BG: That’s why I said that the main strategic goal of everyone should be to keep Iran away from nuclear enrichment, the means could be different and there are so many of them, but the goal should be the one - keep them away from the ability to produce military nuclear capabilities. And it’s not an Israeli interest, it’s the world’s and the region’s interest. And, yes, it’s an Israeli interest as well. If you speak to some of the Arab countries in the Gulf area and in other places, I guess, you would hear the same answer.
SS: So the deal does precisely that - it keeps Tehran from enriching uranium. Does that mean that Israel is in favour of the deal?
BG: The Prime Minister of Israel has said this so many times and he’s been doing this in his discussions with the world leaders: what are the gaps that he sees in this deal and what needs to be improved to make sure that at the end of the road Iran doesn’t get a future permission to produce these nuclear capabilities. And that’s the idea, I think, there are a few holes over there. And, of course, world inspections of everything are very important.
SS: Another topic that’s been discussed very much lately - a grand delegation is prepared by President Trump to go to Israel to mark the transfer of the embassy to Jerusalem. Seeing how his announcement of the transfer really made the Palestinian issue heat up, do you see this as maybe a little over the top, an unnecessary, maybe even provocative move?
BG: Well, I don’t look at it as a provocative move and the reason for a potential escalation. Definitely Jerusalem is the capital of Israel - you’ve been in Israel so many times, you know it yourself - since the days of King David. We don’t need to have President Trump saying it. Jerusalem is our capital. It’s my opinion that all countries should move their assets to Jerusalem, just like the case in Moscow, just like the case in Washington DC even though the New York City is the financial capital of the United States. You’ve been to Tel Aviv, Tel Aviv is definitely the financial capital of the state of Israel. But the capital of Israel is Jerusalem. And that is where all those embassies need to be. Sometimes it’s hard to get that. But that’s part of life.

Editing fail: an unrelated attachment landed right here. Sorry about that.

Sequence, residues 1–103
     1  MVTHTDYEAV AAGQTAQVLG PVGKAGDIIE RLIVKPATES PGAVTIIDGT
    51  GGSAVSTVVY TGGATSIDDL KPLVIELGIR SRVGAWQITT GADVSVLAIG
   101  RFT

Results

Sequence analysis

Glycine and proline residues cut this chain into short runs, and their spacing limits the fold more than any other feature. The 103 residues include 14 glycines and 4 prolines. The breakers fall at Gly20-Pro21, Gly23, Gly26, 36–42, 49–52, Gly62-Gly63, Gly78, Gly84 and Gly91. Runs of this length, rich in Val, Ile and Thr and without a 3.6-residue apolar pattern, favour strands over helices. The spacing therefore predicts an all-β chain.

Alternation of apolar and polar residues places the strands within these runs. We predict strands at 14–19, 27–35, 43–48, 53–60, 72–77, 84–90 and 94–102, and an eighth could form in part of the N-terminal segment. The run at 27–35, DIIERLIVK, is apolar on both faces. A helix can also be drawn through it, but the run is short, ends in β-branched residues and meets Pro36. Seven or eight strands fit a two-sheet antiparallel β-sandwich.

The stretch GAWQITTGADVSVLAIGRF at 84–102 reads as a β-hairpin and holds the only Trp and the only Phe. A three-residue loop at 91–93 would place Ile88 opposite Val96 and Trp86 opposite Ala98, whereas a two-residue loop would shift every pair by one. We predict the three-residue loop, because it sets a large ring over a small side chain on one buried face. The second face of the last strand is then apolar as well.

SS: Yeah, but so far, it’s just the Americans red carpeting the Jerusalem embassy and others aren’t too prone and too quick to accept that...
BG: I hope and I believe that more countries will follow. It has to do nothing with the Palestinians, it’s just an excuse for them to do anything.
SS: I’ll tell you how it looks from the outside - with so many politicians coming over to Israel, it seems that this is not about the Israelis, it’s more about the American voters - and I mean, it’s great for Trump to portray himself as a friend of Israel to his voters at home, but should he really be doing it at the expense of Israel’s security?
BG: Well, once again we believe that Jerusalem has been our capital for decades, for hundreds of years, for thousands of years and will remain in the future as well. Without Jerusalem Israel is not Israel as we understand it according to our Jewish history. Sometimes this principle comes at a price. I don’t think, it should come at a price, it has nothing to do with the Palestinian issue, all those places … Talking about Jerusalem as we know it, it’s location as such, it really has no interaction with the Palestinians’ idea. If we really like to put politics aside for a second and look at the essence itself, I don’t see why there should be any major problems. But, once again, Jerusalem is essential for us and we will stand for it forever.